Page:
Many people of lesser mind use the argument of beauty as proof of God’s existence without truly understanding what they’re talking about.  Almost immediately after I made my remark about the clouds today, my mind took a dualistic position.  I reasoned that God didn’t have any effect on the clouds.  That it was just water in the atmosphere collecting to form a random pattern.  If there was any beauty involved, it was all in my own mind and not something objective outside myself.

I contemplated this argument for a minute and then realized that it was also true.  There wasn’t anything outside myself that made it particularly beautiful.  Beauty was an internal conception, something only a human mind could conceive of.  But that just goes to further prove that God had a hand in making what I saw.  For if God is in all of us, which he is, and if God is the observer looking out through our minds and bodies, and if our perceptions create a sense of beauty in the mind in reaction to some external stimulus; then through a transitive line of reasoning, it stands that God created the beautiful scene that I observed.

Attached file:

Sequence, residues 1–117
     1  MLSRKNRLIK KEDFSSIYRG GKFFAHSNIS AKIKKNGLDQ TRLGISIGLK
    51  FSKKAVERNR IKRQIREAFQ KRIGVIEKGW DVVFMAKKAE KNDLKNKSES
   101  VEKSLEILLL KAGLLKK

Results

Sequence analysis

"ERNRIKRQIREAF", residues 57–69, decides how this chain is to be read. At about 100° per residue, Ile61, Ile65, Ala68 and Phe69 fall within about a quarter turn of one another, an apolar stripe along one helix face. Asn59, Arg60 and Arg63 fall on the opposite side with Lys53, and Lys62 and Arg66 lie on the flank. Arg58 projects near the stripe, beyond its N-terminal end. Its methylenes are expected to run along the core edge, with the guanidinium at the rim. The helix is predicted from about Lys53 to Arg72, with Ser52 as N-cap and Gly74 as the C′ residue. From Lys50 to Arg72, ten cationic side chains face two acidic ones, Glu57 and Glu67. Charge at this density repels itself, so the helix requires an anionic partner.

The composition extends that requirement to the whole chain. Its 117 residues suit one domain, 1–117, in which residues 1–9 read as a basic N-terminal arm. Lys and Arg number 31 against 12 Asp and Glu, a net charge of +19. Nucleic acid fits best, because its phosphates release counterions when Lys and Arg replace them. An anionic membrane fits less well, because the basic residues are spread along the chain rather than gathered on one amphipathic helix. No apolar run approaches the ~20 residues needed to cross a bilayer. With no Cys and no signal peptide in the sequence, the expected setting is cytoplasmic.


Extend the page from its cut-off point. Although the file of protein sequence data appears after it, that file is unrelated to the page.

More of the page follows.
In my lecture on symbols, I talked about how symbols only have those meanings we apply to them.  Without that, they’re just a collection of random lines and shapes.  But it’s the creative and associate processes that take place in our minds that make these symbol something else.

What is a cloud but a randomization of water molecules in the air?  If we see shapes in the clouds, we are taking that raw material and creating something out of it.  It’s no different than an artisan taking a lump of clay and molding it into a shape conceived of in his mind, except that we’re not touching the vapor with our hands.  We’re crafting it solely (soul-ly) within ourselves.